Protect yo’ self, before you wreck yo’ self.

22 Mar

Noise, vibrations, debris flying around at insane speeds, very sharp slicey things, itchy burny irritant stuff. There’s a lot of things gardeners need to be weary of, so rather nicely people made and invented stuff to keep our hands and faces protected from the dangerous things.

 

PPE has a whole set of legislation around it, that’s how seriously it’s taken. I’m gonna go over the basics for gardening in general, things you’d need for almost every job , every day. So here’s a longer guide from the big brains at the Government if you to have a nosey, http://www.hse.gov.uk/toolbox/ppe.htm. When you’re out in the field you can understand why it’s needed. I’ve been strimming and had stones flung into my shin, I don’t want to imagine what that would be like if that stone was on a collision course with my face.

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The Fate of Humanity.

14 Feb

Automated cars, smart hoovers, self-driving trains and even now a shop where you scan your phone in order to enter and where there aren’t any tills. The world is becoming automated at a rather fast pace.

 

Now the robots have a new target: Weeds!

 

https://www.kickstarter.com/projects/rorymackean/tertill-the-solar-powered-weeding-robot-for-home-g/posts/2089533

 

Not going to lie; this lil‘ guy looks very useful as a hacker and slasher of weeds. I’ll admit, It’s not my favourite task in the world and sometimes it seems like it can take forever with trying to pull each and every one out by the roots; especially if they have a tap root (looking at you here:.. Dandelions and Bracken; evil things), which is a pain in the butt. So I can see how Turtill can have its uses.

 

However, if you’re interest has been piqued by this, let me just remind you, we human gardeners can still remove Ivy from walls and trees. Turtill can’t! 1-0 Humans!!

 

 

 

Post by Stu. 

Christmas Panic OVER,

25 Nov
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If you’ve managed to get this far into November without the daunting fear of having to sort of Christmas, please share your secrets with the rest of us.

 

For those, like me, that have been thinking and panicking about what we can buy our friends and family since the end of September, Christmas is quickly approaching and honestly, I have no idea what to get and no idea what I want this year.

 

I doubt I’m the only person wondering what to get people, or what to ask for, so in the spirit of Christmas, I’m going to lend you all a helping hand by making a list of gardeny things I’ve asked for in the past! This list will also help you choose what to get for all those green thumbed family members and friends you may have.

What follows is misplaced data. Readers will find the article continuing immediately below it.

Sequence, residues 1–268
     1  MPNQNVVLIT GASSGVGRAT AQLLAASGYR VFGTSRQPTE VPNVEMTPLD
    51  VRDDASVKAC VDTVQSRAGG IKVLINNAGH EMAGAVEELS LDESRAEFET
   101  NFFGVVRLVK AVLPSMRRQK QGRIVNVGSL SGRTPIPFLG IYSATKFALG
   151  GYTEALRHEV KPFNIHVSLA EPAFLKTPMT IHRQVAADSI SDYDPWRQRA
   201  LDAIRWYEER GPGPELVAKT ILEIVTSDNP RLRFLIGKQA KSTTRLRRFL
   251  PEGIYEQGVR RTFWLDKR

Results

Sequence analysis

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Tool Maintenance and Care.

09 Jun

 

One of my bugbears: Dirty tools and poorly maintained tools. I will openly admit failing to keep my own gardening equipment clean every now and then, and I then get irritated with myself about it. Clean your edging sheers, Stuart! Keep them sharp!

Edging sheers are just one example. If you’re a regular to the website, you might have seen the “Tip of the Week” on the ticker already about sharpening tools. I mentioned mowers, hedge cutters, secateurs there, the list goes on though. EVERYTHING needs cleaning and looking after. Cutty things need to be kept sharp, diggy things need to be mud free, noisy things need to be oiled up. It’s seems like a lot when you put it all together, but the easy way to do it is to just clean/maintain things after you’ve used them.

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Dead Heading Roses

30 May

Everyone loves a rose; a dozen, two dozen, red, yellow, white, standard, climber, ballerina. There’s so many to chose from, it’s kind of impossible to not have a few that take your breath away.

 

One slight downside to roses…they don’t last long. The gorgeous flowers are only on display for a few days before they drop their petals on your beds like sprinkles onto ice-cream. Then you’re just left with an odd looking browning mess where a vibrant flower once stood. This is the beauty of repeat flowering roses though: Once they’ve gone over, you can come along with a sharp pair of secateurs, snip off the dead flowers, and hey presto! A few weeks later there’s a nice fresh looking flower again.

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